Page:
Future past: integrated preservation information systems
Kennedy, Charles Barrett
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“And what we can see and imagine gives us faith for what surpasses the imagination” (Wells, 1902) A rich cultural heritage can serve as a vehicle that enlivens all levels of educational development and promotes an interdisciplinary dialogue concerning preservation goals and objectives. A comprehensive, integrated information base is essential to sustaining the viability of this diverse cultural heritage and to promoting a national preservation agenda. The collective experiences and practices of local preservation efforts, when assembled into a readily accessible knowledge base, can effectively inform efforts to resolve preservation challenges nationwide. As the ideal of historic preservation has come to accommodate a variety of philosophical perspectives, so too must the efforts to adapt new technologies to the tasks of cultural resource management. The development of more effective mechanisms for informing the decision processes will encourage resource administrators to assume greater responsibility for the management of cultural resources. It will enable the preservation community to strengthen its social, economic, and political advocacy for the conservation and celebration of our delicate, yet durable, cultural roots. Through the outreach to public and private constituencies, and through the development of market applications for cost effective preservation products, technologies, and services, the positive socioeconomic benefits of sensible, sensitive cultural resource management will serve to institutionalize the perception of our cultural heritage as an integral part of a healthy, informed society. The goal of this work is to demonstrate through developed prototypes and projected scenarios, alternatives for technology transfer, adaptation, and application that can facilitate better informed decisions about the management of an increasingly threatened cultural heritage. This body of information will contribute to the resolution of the most critical needs of the preservation process, and will enhance the ability of private, state, and federal agencies to meet their legal obligations in the management and protection of our cultural heritage. The work demonstrates that the whole of the preservation process can be enhanced by exploiting the opportunities inherent in emerging information management technologies.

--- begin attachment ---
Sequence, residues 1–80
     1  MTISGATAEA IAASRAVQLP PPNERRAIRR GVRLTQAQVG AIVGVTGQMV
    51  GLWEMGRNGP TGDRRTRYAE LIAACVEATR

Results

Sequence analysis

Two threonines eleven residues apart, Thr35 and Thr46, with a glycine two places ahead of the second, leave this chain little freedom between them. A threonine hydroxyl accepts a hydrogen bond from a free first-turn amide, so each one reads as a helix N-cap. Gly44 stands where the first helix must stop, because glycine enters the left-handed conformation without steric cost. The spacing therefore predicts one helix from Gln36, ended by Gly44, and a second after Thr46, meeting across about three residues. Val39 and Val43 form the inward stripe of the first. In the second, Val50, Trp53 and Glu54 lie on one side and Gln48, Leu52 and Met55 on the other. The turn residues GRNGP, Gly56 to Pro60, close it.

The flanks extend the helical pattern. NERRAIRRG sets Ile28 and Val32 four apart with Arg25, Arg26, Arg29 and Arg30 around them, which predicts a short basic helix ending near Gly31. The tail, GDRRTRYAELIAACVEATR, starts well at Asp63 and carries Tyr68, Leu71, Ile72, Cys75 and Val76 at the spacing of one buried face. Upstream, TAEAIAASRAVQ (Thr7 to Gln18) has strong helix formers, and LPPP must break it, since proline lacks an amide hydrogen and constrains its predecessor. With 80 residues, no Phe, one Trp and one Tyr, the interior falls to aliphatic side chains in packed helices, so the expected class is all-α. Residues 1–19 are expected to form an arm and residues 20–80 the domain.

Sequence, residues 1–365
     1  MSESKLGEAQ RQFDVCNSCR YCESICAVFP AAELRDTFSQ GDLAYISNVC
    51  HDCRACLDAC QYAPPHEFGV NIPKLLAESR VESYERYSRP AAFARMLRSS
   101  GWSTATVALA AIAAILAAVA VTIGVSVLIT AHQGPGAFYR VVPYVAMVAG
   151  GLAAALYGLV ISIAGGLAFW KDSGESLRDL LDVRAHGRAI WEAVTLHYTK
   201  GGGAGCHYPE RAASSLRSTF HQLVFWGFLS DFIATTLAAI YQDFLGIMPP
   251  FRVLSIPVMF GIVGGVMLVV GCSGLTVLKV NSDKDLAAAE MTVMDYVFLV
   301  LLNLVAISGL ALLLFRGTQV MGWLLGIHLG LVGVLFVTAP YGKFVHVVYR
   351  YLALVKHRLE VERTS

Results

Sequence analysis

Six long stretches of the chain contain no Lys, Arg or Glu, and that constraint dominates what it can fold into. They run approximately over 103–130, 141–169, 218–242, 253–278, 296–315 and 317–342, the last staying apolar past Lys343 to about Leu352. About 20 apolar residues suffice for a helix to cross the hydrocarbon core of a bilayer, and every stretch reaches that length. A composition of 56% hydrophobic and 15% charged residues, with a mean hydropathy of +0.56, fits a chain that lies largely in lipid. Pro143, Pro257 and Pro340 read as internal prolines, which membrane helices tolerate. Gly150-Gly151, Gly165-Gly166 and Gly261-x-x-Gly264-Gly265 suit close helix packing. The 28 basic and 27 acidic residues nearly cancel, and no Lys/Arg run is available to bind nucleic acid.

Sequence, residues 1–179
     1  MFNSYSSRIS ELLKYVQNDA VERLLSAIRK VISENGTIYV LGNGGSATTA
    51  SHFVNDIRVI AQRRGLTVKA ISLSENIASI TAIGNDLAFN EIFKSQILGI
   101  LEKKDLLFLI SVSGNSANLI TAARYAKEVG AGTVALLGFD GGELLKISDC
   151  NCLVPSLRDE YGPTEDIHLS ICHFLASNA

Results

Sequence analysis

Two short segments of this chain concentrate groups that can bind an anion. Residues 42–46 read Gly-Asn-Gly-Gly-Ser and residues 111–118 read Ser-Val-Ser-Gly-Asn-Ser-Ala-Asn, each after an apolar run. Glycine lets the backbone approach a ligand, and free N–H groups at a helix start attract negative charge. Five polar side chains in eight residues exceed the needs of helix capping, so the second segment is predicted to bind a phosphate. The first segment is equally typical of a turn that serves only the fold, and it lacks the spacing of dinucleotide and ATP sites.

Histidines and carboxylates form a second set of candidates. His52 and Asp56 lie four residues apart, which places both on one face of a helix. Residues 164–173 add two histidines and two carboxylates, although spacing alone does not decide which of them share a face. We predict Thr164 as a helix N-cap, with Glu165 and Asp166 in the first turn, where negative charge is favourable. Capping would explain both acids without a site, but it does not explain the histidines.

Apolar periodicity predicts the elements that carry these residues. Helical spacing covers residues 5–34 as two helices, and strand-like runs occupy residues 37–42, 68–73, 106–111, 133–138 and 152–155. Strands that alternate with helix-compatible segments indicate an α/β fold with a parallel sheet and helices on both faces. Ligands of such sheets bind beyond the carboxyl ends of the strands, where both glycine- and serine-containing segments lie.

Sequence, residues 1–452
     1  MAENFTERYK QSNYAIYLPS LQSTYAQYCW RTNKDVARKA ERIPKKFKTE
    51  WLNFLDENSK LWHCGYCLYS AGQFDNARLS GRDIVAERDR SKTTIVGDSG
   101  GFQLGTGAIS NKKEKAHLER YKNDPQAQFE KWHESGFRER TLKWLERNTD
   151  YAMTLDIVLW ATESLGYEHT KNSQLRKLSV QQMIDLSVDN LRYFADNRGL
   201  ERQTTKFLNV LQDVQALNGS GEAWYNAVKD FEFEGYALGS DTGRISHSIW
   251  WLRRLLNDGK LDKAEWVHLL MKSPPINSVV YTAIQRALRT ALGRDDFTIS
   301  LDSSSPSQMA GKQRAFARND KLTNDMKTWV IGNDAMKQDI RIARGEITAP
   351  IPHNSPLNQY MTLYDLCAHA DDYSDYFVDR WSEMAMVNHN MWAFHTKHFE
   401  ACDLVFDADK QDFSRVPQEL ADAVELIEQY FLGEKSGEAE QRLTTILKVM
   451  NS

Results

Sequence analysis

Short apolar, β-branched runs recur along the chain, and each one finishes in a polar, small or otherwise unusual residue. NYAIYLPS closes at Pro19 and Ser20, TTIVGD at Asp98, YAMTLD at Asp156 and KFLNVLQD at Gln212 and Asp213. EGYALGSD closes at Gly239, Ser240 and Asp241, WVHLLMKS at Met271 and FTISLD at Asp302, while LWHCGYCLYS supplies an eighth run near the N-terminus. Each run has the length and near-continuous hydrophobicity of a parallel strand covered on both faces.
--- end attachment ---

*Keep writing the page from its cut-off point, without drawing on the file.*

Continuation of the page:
- Doctoral Dissertations